National position of the United States of America (2012)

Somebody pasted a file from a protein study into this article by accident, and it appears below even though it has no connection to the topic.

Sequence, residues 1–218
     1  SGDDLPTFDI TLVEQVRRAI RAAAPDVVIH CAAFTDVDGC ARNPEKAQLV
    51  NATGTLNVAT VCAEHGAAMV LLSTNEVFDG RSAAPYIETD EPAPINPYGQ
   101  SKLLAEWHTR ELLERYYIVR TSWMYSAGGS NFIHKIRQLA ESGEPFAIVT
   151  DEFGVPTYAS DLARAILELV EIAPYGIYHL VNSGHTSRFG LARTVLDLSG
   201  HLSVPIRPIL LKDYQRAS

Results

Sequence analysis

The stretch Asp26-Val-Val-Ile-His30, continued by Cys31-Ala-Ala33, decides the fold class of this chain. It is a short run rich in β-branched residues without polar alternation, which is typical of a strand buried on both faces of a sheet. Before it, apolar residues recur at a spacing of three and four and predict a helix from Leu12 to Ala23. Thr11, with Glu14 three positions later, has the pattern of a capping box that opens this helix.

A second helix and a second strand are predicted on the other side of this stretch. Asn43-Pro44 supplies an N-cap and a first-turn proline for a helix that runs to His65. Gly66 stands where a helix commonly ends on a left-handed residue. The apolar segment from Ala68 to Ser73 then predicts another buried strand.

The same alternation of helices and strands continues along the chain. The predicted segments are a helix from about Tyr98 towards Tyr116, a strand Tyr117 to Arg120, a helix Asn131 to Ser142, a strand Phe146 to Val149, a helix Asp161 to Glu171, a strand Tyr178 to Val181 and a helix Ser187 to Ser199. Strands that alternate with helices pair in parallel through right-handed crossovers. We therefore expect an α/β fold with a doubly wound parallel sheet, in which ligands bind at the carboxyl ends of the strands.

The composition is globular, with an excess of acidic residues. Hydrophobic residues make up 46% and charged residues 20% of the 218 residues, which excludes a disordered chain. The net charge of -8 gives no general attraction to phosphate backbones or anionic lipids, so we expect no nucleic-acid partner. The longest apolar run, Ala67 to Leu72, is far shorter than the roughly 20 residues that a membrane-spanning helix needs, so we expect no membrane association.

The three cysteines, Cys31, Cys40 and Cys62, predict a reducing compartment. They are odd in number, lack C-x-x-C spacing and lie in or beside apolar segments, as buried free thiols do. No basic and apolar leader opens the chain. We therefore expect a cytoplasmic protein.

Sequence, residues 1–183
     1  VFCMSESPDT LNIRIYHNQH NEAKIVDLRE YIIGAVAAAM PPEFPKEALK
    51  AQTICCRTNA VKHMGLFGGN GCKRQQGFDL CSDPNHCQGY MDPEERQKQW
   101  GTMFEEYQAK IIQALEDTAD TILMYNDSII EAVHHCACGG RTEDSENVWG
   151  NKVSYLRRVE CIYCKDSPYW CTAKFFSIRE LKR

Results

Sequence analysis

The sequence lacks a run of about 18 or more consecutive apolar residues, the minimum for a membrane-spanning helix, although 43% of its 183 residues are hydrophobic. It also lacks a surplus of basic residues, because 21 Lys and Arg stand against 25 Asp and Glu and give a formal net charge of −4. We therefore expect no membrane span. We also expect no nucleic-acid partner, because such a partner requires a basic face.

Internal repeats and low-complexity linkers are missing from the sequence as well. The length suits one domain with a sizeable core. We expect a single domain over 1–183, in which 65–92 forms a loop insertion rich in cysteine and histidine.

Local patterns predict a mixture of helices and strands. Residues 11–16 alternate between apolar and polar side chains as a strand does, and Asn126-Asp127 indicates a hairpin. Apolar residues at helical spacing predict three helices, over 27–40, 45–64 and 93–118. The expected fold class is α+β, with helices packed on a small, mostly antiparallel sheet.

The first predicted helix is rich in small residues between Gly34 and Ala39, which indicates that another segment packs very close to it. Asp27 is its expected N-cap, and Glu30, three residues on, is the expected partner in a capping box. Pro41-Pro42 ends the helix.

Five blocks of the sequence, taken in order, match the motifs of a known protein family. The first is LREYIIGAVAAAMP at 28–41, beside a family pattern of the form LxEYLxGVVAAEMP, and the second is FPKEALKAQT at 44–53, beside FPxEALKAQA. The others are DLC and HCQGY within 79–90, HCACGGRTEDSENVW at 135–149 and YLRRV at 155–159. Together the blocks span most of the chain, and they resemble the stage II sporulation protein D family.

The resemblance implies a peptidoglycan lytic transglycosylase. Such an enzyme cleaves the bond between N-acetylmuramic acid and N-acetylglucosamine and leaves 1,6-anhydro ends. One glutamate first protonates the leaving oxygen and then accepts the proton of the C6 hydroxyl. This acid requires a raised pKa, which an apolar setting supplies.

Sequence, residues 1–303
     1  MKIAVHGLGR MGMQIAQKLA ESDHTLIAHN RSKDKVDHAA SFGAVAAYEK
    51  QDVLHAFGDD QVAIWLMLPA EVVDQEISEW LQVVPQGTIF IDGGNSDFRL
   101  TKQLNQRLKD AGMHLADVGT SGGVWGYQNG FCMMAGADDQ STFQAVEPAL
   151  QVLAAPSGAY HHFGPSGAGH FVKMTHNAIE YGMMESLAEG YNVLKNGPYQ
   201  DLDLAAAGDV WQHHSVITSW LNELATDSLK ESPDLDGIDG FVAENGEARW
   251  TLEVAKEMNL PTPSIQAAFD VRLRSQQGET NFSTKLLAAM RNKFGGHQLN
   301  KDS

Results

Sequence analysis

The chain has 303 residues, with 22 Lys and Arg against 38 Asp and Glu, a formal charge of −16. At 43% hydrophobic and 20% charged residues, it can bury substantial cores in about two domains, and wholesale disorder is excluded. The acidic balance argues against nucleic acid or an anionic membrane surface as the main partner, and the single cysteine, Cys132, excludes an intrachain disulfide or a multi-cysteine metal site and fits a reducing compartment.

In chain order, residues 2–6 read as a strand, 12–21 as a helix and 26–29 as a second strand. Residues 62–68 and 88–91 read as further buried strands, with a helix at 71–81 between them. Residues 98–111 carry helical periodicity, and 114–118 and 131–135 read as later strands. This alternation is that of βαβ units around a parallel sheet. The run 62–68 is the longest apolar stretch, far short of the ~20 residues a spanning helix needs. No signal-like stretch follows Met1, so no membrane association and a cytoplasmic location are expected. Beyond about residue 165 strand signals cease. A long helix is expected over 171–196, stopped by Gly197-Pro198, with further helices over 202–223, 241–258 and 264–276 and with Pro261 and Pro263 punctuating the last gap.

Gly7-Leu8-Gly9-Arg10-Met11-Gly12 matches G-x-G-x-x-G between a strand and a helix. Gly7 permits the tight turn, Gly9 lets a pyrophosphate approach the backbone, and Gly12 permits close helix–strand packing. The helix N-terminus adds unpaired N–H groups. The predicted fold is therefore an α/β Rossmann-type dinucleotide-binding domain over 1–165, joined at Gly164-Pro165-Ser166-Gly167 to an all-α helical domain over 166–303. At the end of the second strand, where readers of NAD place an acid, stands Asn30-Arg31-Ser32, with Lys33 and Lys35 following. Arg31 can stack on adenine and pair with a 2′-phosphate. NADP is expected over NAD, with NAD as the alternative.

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==Attribution== <section begin=US_2012 attribution /> "States are legally responsible for activities undertaken through “proxy actors,” who act on the state’s instructions or under its direction or control. The ability to mask one’s identity and geography in cyberspace and the resulting difficulties of timely, high-confidence attribution can create significant challenges for states in identifying, evaluating, and accurately responding to threats. But putting attribution problems aside for a moment, established international law does address the question of proxy actors. States are legally responsible for activities undertaken through putatively private actors, who act on the state’s instructions or under its direction or control. If a state exercises a sufficient degree of control over an ostensibly private person or group of persons committing an internationally wrongful act, the state assumes responsibility for the act, just as if official agents of the state itself had committed it. These rules are designed to ensure that states cannot hide behind putatively private actors to engage in conduct that is internationally wrongful."<ref>[https://harvardilj.org/wp-content/uploads/sites/15/2012/12/Koh-Speech-to-Publish1.pdf Harold Hongju Koh, International Law in Cyberspace], 18 September 2012, 6-7</ref><section end=US_2012 state responsibility /> [...] "[..]cyberspace significantly increases an actor’s ability to engage in attacks with “plausible deniability,” by acting through proxies. I noted that legal tools exist to ensure that states are held accountable for those acts. What I want to highlight here is that many of these challenges — in particular, those concerning attribution — are as much questions of a technical and policy nature rather than exclusively or even predominantly questions of law. Cyberspace remains a new and dynamic operating environment, and we cannot expect that all answers to the new and confounding questions we face will be legal ones."<ref>[https://harvardilj.org/wp-content/uploads/sites/15/2012/12/Koh-Speech-to-Publish1.pdf Harold Hongju Koh, International Law in Cyberspace], 18 September 2012, 8</ref><section end=US_2012 attribution />
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